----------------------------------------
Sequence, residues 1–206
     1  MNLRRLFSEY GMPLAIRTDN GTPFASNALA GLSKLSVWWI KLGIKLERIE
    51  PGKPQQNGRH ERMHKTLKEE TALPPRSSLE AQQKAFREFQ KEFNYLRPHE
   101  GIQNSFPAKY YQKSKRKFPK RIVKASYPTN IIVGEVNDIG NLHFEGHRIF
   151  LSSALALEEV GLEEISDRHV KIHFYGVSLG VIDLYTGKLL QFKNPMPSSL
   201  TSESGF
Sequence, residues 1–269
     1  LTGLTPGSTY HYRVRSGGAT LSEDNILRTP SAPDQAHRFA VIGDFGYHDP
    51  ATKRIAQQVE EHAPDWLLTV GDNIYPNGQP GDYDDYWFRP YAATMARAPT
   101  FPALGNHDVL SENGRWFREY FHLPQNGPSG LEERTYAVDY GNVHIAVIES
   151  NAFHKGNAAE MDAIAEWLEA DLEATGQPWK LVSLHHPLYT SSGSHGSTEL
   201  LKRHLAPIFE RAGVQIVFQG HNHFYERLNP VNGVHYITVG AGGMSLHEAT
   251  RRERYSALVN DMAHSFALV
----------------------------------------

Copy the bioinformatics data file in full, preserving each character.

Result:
Sequence, residues 1–206
     1  MNLRRLFSEY GMPLAIRTDN GTPFASNALA GLSKLSVWWI KLGIKLERIE
    51  PGKPQQNGRH ERMHKTLKEE TALPPRSSLE AQQKAFREFQ KEFNYLRPHE
   101  GIQNSFPAKY YQKSKRKFPK RIVKASYPTN IIVGEVNDIG NLHFEGHRIF
   151  LSSALALEEV GLEEISDRHV KIHFYGVSLG VIDLYTGKLL QFKNPMPSSL
   201  TSESGF
Sequence, residues 1–269
     1  LTGLTPGSTY HYRVRSGGAT LSEDNILRTP SAPDQAHRFA VIGDFGYHDP
    51  ATKRIAQQVE EHAPDWLLTV GDNIYPNGQP GDYDDYWFRP YAATMARAPT
   101  FPALGNHDVL SENGRWFREY FHLPQNGPSG LEERTYAVDY GNVHIAVIES
   151  NAFHKGNAAE MDAIAEWLEA DLEATGQPWK LVSLHHPLYT SSGSHGSTEL
   201  LKRHLAPIFE RAGVQIVFQG HNHFYERLNP VNGVHYITVG AGGMSLHEAT
   251  RRERYSALVN DMAHSFALV